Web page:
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tips and tricks

Old 07-06-2010, 10:11 PM
Heli Jim
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I used to mess around with popsicle sticks and such, but
I finally went to the art supply store and bought a pallet
knife which has a really flexable blade on it. Artists use
them to mix oil paints. Use it to mix your epoxy and then
just wipe it off with a little alcohol or thinner before the
glue sets up. If you are too late, you can scrape it off with
a chisel or bench knife. One time investment--priceless tool!!!
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Old 07-15-2010, 05:57 PM
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Ifound a nifty tool to cut film without damaging the wood. My wife just bought a coupon cutter called KRAZY Cutter at the grocery store with a ceramic blade. I was able to cut through clean as a razor the top page of a newspaper, and by varying presure, not even cut the paper under it, or cut through 3-4 sheets with a hard push. It will not cut your hand, but it DOES cut fil. And it has a magnet inside and will stick nicely to your desk lamp in the shed. It cost $1.99, and hangs from the "eyecatcher" displays hanging in the cleaning supplies area.
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Old 07-15-2010, 05:58 PM
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She's not getting it back.....
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Old 07-16-2010, 06:57 AM
PHD in Crashology
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Location: Oakland Ca.
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Hey now
If you don't mind getting a little dirty there are dome fine model building supplies for free or nearly free. Construction dumpsters often have biggieh end cuts of pink or blue foam. Great stuff for building or fixing wings. They also tend to have buckets with enough wall paper paste or spackle to keep you covered for years.

I know one buy who cuts the foam into wings etc and covers them with brown paper sacks and paste. His planes look good fly great and are nearly as strong as glass.

Meat trays and Togo boxes are good sources of foam to replace broken depron parts.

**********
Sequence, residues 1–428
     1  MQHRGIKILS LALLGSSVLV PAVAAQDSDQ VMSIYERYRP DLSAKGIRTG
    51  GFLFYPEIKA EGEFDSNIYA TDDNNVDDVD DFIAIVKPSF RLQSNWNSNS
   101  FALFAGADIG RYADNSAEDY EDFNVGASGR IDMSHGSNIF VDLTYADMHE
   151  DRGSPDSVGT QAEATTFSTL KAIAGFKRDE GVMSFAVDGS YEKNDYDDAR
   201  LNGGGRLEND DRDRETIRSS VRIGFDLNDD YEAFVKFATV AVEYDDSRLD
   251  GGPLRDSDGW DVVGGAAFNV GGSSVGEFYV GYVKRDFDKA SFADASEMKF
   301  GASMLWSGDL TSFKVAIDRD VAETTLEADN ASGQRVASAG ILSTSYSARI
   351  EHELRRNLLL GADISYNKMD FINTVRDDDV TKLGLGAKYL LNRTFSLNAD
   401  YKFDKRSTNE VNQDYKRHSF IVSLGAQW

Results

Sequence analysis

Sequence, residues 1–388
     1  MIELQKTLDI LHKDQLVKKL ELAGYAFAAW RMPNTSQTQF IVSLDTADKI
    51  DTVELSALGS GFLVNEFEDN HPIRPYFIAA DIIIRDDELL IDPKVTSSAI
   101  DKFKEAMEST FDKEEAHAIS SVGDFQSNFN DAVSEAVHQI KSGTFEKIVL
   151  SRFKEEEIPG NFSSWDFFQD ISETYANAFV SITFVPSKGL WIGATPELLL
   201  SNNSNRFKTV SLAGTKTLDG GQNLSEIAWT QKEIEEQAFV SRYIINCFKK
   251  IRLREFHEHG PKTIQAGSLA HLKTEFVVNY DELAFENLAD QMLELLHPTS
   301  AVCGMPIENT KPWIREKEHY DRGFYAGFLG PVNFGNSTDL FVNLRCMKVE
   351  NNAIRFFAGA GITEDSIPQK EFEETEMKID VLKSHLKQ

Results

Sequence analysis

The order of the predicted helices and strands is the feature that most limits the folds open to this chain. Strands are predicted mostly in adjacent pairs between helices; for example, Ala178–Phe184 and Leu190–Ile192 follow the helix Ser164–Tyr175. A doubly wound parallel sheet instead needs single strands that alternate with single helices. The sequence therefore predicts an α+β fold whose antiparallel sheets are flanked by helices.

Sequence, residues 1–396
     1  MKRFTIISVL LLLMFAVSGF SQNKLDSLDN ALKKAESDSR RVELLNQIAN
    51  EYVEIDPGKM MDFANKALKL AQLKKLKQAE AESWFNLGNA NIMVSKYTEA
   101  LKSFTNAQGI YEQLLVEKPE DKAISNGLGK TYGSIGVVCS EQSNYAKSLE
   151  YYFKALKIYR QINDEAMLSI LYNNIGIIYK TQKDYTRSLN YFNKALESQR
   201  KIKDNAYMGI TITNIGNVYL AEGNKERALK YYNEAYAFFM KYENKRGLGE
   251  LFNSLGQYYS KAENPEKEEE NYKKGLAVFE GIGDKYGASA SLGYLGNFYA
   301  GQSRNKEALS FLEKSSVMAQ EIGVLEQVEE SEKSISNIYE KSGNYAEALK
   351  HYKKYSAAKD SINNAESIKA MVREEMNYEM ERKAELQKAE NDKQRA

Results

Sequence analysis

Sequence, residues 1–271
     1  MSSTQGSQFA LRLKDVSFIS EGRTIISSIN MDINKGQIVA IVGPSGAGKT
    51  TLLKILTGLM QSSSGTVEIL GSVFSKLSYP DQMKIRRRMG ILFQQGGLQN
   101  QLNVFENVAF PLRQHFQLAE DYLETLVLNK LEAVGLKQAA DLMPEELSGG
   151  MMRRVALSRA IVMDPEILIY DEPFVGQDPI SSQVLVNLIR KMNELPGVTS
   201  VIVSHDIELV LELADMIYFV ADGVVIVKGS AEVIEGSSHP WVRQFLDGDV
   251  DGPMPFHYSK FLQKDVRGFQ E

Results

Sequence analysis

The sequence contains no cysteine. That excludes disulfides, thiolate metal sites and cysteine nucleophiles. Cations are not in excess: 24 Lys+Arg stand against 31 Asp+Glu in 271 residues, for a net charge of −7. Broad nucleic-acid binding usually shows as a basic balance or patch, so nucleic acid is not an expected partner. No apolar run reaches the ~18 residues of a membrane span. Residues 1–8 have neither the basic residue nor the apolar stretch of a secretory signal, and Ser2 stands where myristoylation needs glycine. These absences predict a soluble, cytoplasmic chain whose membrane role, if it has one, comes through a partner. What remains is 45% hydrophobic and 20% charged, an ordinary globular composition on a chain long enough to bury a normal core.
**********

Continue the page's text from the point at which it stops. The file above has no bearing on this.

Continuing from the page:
When I go to the store I look to see if I can use the packaging too. Pudding/yogurt/jello cups are good for mixing large amounts of epoxy or small amounts of paint. Vacume formed plastic packages work for canopies, gun turrets, and other "blisters".

If you just look with a bit of fantasy in mind you'll see some great stuff.

Cheaper parts. If you use balsa don't buy it localy get it from Lone Star Balsa in Texas the best wood I've ever seen and so very cheap too. I do a lot of building an insane amount really and I spend a hundred or two every four years and never run out. A piece that'd cost you two bus from most places is under fifty cents from these folks.

Of course all of this saves your cash fir the most economical thing you can do modeling wise. Buy the best gear you can afford. You never regret buying the best and if you take care of it it'll outlast cheaper gear by leaps and bounds.
Rob II
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Old 07-19-2010, 01:46 AM
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I don't know if these have been brought up or not, so here it goes.

1-everyone eats fast food. Those little plastic cups are perfect for mixing epoxy. I found Wendy's has the best little plastic cups.
2-coffee stir straws. I grab a small hand full from work every now and then. They are great for running antenna wires through. I cut them into small little pieces and epoxy them into place.
3-plastic tags. (you know, little flat plastic things) They are found on bread, hamburger and hot dog packeges. I lable these and attatch them to my diferent wall chargers. Keeps me from plugging the wrong charger into the wrong transmitter and so on.

Best of all, everything is free.
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Old 07-19-2010, 01:57 AM
capn chaos
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Good stuff there. Shoulda' mentioned it earlier but save Michaels "First foods", "Second foods" containers. With lids they're great for organizing small parts and pieces, screws etc and work for mixing epoxies. Yogurt containers are good too.
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Old 07-19-2010, 02:17 AM
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Don't forget to save those promotional credit cards, and old insurance cards. They work great as a squeegee for spreading a thin layer of glue, or epoxy. Also Great for laying down decals to get those pesky bubbles out.
I have used them to fill in spots with joint compound on the foamies and wood filler on my balsa builds. They are free and clean up easy, or just toss them.
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